A Guide for People Who Love Books and Those Who Want to Write Them
Reviewed May 6, 2010.
HarperCollinsPublishers, 2006. 273 pages.
Francine Prose begins her book like this:
Can Creative Writing be taught?
It's a reasonable question, but no matter how often I've been asked, I never know quite what to say. Because if what people mean is: Can the love of language be taught? Can a gift for storytelling be taught? then the answer is no. Which may be why the question is so often asked in a skeptical tone implying that, unlike the multiplication tables or the principles of auto mechanics, creativity can't be transmitted from teacher to student. Imagine Milton enrolling in a graduate program for help with Paradise Lost, or Kafka enduring the seminar in which his classmates inform him that, frankly, they just don't believe the part about the guy waking up one morning to find he's a giant bug.
What confuses me is not the sensibleness of the question but the fact that it's being asked of a writer who has taught writing, on and off, for almost twenty years. What would it say about me, my students, and the hours we'd spent in the classroom if I said that any attempt to teach the writing of fiction was a complete waste of time? Probably, I should just go ahead and admit that I've been committing criminal fraud.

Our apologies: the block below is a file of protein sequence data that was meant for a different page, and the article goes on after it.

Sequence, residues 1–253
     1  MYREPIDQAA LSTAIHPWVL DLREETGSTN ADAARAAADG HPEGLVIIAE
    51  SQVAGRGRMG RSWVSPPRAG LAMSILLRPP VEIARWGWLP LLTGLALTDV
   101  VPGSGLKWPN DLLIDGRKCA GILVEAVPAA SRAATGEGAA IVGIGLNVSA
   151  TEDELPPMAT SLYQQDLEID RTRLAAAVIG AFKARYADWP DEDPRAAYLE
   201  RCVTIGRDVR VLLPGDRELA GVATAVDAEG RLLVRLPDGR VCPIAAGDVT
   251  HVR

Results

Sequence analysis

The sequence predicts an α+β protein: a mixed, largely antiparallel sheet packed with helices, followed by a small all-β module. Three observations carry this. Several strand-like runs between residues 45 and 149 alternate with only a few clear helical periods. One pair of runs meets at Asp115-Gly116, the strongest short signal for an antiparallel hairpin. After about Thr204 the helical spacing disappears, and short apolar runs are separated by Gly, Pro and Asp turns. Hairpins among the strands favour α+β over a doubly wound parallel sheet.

She goes on to admit:
Like most, maybe all, writers, I learned to write by writing and, by example, from books....
In the ongoing process of becoming a writer, I read and reread the authors I most loved. I read for pleasure, first, but also more analytically, conscious of style, of diction, of how sentences were formed and information was being conveyed, how the writer was structuring a plot, creating characters, employing detail and dialogue. And as I wrote I discovered that writing, like reading, was done one word at a time, one punctuation mark at a time. It required what a friend calls 'putting every word on trial for its life': changing an adjective, cutting a phrase, removing a comma, and putting the comma back in.
I read closely, word by word, sentence by sentence, pondering each deceptively minor decision that the writer had made. And though it's impossible to recall every source of inspiration and instruction, I can remember the novels and stories that seemed to me revelations: wells of beauty and pleasure that were also textbooks, private lessons in the art of fiction.
This book opened my eyes to things about the writing process that had gone right past me before. She talks about and gives examples of writers who chose just the right word, then goes on to talk about beautiful sentence-level writing, and then the way writers construct paragraphs. She talks about narration and dialogue, and creating characters. She talks about telling details and gestures.
I must admit this book reads a bit like a college textbook. I took it very slowly, only tackling a chapter at a time, if that. But it would be a textbook for a fascinating, enlightening college class, and I couldn't help but be jealous of her students.
With this book, Francine Prose equips the reader to better appreciate -- and therefore emulate -- the fine art of writing beautiful and powerful fiction.